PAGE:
- Can Your Loved One Stay at Home?
- Living with Your Family
- Other Housing Options
- Helping a Loved One Find Healthcare
- If Your Loved One Runs Out of Money
- In the Event of Incapacity
- Care for a Terminally Ill Loved One
Senior years are supposed to be a time of peace. However, the challenges facing older individuals are profound, including the need to pay for costly medical and personal care. Coupled with these issues is the task of finding the best way to pay for all of these costs. This responsibility is thrust on your loved one when his or her ability to think clearly or remember facts can be limited.
You can help your loved one during this difficult time.
What Is Eldercare?
Eldercare involves getting the best medical and custodial care (help in performing general activities of daily living such as walking, bathing, and so on) in the most dignified and cost-effective manner for your loved one. Effective eldercare involves planning, knowledge, patience, and action. These issues may be affecting one or both or your parents, or your spouse, in-law, grandparent, former in-law, aunt or uncle, or a close friend. If you are the primary caregiver (the person who coordinates the decision making for your loved one), you face some tough personal challenges: demands on your time, increased stress and, possibly, direct financial costs. Be prepared. All this may be happening just as you are facing your own financial and personal issues, such as retirement planning, raising a family, or pursuing your own career.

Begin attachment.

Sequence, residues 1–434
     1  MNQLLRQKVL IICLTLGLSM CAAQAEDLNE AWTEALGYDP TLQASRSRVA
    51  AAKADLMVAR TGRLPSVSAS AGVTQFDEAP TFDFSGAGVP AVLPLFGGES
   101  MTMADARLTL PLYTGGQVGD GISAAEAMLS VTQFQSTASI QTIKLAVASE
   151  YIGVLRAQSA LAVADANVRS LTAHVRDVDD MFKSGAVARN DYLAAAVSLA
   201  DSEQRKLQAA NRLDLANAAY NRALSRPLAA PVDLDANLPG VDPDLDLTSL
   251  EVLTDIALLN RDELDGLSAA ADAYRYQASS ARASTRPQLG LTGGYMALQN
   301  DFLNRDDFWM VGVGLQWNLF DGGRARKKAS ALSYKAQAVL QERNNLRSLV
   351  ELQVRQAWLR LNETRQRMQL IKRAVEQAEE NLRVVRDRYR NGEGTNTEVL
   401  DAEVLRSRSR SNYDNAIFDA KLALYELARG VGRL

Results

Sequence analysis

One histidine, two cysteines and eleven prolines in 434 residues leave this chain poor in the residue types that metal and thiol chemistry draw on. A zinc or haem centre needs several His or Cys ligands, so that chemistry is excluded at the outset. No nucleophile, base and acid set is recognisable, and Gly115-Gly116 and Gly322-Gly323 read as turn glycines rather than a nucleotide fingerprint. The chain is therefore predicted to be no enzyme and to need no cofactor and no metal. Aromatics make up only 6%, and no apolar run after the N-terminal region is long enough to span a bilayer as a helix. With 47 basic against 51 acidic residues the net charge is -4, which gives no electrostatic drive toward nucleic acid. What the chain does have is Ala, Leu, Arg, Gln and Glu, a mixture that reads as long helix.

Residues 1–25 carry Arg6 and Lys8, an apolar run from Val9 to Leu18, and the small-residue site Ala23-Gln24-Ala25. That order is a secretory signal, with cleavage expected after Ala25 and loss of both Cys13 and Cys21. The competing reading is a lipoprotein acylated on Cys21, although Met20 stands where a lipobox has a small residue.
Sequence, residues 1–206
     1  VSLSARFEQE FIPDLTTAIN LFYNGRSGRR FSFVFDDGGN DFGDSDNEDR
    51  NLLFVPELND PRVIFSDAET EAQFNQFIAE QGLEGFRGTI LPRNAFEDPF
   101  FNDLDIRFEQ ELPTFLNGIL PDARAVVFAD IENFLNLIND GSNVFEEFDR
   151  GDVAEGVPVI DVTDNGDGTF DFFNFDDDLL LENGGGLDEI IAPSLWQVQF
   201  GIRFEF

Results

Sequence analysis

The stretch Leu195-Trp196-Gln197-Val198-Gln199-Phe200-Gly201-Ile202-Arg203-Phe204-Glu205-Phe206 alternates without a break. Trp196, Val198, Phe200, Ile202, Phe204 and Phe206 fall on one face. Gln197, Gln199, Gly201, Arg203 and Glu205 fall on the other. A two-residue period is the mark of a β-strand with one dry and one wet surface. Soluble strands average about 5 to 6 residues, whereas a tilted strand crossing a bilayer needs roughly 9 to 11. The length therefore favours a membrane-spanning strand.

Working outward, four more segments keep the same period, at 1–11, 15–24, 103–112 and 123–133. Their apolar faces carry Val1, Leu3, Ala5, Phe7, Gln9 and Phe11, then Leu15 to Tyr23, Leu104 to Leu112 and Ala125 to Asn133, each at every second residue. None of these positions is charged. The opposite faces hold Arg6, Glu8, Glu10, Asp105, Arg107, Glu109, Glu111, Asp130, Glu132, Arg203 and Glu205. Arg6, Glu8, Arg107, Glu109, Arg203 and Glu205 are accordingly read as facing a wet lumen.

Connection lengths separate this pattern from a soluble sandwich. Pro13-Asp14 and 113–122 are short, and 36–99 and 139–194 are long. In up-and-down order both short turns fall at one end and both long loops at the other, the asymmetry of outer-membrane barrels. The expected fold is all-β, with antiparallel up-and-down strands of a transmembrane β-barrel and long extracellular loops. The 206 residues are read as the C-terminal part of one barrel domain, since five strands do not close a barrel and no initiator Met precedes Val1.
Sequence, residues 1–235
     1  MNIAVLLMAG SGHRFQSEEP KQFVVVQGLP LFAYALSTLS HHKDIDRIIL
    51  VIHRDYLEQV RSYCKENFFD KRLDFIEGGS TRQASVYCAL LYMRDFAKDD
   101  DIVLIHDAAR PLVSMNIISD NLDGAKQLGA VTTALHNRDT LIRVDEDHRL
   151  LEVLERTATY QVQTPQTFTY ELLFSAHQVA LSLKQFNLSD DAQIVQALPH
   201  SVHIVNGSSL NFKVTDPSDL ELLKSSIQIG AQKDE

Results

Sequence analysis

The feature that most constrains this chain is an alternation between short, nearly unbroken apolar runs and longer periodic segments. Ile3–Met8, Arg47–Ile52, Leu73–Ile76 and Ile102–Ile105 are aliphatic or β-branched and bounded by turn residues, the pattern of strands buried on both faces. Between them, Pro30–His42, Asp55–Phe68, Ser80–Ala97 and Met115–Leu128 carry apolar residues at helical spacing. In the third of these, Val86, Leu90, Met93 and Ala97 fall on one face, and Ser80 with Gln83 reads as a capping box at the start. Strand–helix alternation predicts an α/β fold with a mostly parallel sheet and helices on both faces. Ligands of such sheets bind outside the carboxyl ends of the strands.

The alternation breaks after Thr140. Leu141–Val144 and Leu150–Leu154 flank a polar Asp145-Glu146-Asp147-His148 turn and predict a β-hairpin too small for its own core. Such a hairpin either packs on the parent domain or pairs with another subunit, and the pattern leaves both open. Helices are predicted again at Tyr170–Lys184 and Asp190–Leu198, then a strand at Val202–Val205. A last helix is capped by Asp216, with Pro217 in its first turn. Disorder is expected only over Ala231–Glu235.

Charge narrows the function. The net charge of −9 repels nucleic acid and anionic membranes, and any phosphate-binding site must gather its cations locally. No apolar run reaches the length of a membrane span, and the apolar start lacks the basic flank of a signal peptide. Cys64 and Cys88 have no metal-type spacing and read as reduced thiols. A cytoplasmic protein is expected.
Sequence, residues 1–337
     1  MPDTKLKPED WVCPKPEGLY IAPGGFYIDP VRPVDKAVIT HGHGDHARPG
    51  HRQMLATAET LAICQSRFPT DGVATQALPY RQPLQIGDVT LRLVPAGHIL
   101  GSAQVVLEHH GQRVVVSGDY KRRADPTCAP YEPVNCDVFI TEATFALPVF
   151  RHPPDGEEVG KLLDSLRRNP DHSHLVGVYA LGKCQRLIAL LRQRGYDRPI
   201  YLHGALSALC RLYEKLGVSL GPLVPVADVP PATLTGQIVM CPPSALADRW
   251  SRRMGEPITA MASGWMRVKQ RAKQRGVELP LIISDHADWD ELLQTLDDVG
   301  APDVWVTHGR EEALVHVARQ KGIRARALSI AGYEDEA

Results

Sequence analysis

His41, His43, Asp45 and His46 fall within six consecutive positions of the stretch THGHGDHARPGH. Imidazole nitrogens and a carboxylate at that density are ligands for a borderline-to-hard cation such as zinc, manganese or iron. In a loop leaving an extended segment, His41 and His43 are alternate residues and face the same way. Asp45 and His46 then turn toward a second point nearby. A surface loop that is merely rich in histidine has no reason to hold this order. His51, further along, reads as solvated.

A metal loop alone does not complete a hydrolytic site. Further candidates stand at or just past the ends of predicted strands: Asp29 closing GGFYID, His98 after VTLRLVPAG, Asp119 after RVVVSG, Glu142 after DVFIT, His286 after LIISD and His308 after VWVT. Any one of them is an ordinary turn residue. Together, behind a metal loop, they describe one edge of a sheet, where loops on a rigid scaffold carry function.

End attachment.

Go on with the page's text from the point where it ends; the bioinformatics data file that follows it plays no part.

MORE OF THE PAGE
If your loved one is healthy enough and wants to stay at home, there are a number of programs and services available to make this possible. Alternatively, your loved one may want to live with your family. This presents a number of challenges, and you need to make sure that all your family members understand what would be involved and support the idea before you make this decision.
Other housing options include congregate housing, board and care housing, continuing care retirement communities, and nursing homes.You may be involved in helping your loved one find healthcare. You will need to understand the different provisions of Medicare and Medicaid, as well as the pros and cons of self-insurance. You should also be thinking about how to proceed if your loved one runs out of money, or is incapacitated, or is diagnosed as terminally ill.
*Non-deposit investment products and services are offered through CUSO Financial Services, L.P. ("CFS"), a Registered Broker-dealer (Member FINRA/SIPC) and SEC-registered Investment Advisor. Products offered through CFS: are not NCUA/NCUSIF or otherwise federally insured, are not guarantees or obligations of the credit union, and may involve investment risk including possible loss of principal. Investment Representatives are registered through CFS. General Electric Credit Union has contracted with CFS to make non-deposit investment products and services available to credit union members.